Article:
#1 way to manage conflict. Lose!

Thoughtful Thursday October 4, 2018

#1 wayRumi Poem to manage conflict. Lose.

HOW CONFLICTS ARISE

Often little or big conflicts arise in my day because I’m holding onto beliefs, opinions, or perceptions. These are Rumi’s ideas of wrong doing and right doing. In my small life sphere, my beliefs can lead to minor conflicts with my husband, bigger rifts with siblings, occasionally lost friendships and once my beliefs got me laid off from a job. (Not to say I wasn’t RIGHT). On a global scale, right and wrongdoing are the main proponents behind war, diaspora and genocide.

I know. Somethings are just right and some are wrong. But is there another way to approach conflict?

Yes. Lose.

TRY THIS TECHNIQUE

At the Sunday Sit, Peter led me to arrange myself in a relaxed seat with an alert, straight spine.  Then he directed me to breathe in and say “in” to myself. Then breathe out and say “out” to myself. He encouraged me to “lose” my usual perspective, thinking and beliefs. He urged me to take responsibility and believe that I could direct my attention. I could keep coming back to “in” and “out”.  This is a concentration practice.

VIDEO link coming soon

Peter mentioned that we can become accustomed to “losing” in this way.   Losing is the first step toward trustworthiness.

Trustworthiness integrates three elements

  • Wisdom – drop your perspective (this is the losing part)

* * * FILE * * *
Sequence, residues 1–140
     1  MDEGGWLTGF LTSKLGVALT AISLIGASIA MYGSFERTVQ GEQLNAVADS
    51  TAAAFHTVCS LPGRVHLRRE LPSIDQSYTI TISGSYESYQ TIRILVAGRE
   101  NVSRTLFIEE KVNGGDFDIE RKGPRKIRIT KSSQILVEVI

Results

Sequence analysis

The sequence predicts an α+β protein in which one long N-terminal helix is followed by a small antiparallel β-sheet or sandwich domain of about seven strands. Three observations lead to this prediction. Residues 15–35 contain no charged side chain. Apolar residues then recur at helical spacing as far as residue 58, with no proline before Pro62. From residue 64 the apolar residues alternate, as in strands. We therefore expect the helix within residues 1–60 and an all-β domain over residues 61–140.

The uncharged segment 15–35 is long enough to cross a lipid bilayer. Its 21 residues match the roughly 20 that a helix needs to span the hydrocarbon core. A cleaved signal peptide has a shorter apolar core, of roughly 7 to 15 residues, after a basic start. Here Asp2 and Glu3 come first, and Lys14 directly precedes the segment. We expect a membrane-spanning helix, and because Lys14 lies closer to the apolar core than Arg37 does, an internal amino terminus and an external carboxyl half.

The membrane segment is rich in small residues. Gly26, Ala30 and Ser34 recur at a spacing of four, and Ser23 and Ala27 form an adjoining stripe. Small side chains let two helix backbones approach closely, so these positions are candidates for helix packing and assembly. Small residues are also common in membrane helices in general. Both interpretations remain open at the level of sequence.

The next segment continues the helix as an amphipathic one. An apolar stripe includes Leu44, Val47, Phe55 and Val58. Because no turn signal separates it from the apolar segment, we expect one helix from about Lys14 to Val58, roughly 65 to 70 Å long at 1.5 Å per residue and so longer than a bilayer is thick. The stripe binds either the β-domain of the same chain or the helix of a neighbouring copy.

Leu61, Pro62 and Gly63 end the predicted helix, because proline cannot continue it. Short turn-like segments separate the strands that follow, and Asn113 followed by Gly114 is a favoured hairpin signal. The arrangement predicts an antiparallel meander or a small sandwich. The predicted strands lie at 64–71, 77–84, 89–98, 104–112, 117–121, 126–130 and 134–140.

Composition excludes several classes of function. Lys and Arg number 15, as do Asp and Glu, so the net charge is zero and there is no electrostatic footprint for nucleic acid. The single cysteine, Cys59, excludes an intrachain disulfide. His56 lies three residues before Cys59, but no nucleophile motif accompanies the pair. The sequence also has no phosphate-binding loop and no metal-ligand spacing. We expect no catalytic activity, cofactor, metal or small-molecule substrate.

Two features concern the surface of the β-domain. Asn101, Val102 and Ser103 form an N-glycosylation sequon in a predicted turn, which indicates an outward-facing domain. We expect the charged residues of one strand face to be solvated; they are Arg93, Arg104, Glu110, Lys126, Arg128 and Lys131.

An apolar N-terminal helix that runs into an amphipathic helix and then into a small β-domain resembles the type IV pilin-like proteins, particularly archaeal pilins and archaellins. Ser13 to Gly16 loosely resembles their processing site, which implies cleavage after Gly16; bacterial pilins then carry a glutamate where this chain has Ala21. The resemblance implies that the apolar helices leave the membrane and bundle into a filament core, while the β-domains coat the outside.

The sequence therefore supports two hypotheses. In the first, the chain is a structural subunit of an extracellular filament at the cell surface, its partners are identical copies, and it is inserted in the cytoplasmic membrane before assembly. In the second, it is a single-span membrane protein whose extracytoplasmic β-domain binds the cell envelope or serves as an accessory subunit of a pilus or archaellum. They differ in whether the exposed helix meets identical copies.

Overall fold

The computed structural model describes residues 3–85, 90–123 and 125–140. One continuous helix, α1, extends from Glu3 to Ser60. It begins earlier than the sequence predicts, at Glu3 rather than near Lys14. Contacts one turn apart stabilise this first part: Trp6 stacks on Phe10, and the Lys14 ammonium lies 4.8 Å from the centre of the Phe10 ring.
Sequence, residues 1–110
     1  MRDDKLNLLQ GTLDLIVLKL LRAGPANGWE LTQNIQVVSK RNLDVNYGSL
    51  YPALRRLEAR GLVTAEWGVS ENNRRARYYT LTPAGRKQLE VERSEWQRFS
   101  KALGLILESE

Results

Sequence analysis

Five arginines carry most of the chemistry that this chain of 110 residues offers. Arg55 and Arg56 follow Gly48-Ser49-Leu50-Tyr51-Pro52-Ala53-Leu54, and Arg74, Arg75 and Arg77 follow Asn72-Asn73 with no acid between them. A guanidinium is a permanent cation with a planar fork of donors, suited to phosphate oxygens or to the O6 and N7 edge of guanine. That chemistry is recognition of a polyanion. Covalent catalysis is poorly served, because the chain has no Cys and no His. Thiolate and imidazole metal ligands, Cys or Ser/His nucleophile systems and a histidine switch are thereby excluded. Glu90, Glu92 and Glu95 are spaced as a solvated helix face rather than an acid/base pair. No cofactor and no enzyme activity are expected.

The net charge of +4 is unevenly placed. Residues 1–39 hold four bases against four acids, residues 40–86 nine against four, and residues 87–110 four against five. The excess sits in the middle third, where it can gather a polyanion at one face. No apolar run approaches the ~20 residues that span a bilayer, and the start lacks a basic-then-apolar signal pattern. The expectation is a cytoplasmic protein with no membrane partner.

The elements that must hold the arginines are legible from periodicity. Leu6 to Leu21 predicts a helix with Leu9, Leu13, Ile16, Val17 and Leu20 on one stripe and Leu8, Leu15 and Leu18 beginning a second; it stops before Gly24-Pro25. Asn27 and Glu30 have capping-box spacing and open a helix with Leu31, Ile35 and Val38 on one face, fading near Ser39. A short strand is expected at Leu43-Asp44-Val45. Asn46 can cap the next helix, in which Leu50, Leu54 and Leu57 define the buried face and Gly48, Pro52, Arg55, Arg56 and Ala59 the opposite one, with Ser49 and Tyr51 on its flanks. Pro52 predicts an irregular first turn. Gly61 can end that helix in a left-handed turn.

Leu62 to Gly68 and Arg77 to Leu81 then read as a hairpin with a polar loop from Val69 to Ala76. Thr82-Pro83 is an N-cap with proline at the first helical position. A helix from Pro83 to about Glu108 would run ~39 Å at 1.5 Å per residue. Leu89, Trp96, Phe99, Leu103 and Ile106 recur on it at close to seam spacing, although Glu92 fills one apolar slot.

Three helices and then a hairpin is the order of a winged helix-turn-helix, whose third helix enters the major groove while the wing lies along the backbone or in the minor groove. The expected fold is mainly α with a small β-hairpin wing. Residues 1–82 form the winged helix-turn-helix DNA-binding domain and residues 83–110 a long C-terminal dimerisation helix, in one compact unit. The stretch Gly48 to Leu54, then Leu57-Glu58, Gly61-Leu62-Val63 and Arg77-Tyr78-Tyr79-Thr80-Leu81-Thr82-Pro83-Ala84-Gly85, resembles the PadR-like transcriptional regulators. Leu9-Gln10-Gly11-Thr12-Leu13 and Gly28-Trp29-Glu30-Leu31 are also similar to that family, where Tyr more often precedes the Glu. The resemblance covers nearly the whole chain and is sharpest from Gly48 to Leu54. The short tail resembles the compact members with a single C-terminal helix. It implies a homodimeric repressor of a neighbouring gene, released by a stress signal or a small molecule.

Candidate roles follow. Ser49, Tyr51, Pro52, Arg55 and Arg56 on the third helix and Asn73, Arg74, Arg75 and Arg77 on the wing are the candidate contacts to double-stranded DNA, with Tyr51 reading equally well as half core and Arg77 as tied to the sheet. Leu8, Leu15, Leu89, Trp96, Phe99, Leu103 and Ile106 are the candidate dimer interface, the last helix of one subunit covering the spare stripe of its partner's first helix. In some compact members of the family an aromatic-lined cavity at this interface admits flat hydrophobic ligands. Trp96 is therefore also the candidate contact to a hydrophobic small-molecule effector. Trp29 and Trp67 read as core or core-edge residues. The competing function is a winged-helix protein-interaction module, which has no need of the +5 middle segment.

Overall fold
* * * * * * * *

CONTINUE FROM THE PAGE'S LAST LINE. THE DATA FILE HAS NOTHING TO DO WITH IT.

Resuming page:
• Love – see anothers’ point of view
  • Power – take action for the good of all beings. (after we lose, we transcend and act

I can’t explain how it works. When I loosen the hold of a perspective that binds me, even for a few moments, new insights arise. I can then empathize with another person, and am free to take action from a new place. Try the practice above. Then test it out in a minor conflict in your life and share a comment or question below.

By |2018-10-04T10:19:59+00:00October 4th, 2018|Categories: Thoughtful Thursday|0 Comments

About the Author:

Bill is passionate about yoga and sharing his love for the practice for over 15 years with more than 4,000 teaching hours. He is married to his favorite yoga teacher, Andrea, for 30 + years. He is also an avid sailor with distance passages across the Atlantic and down and back to the Caribbean many times.

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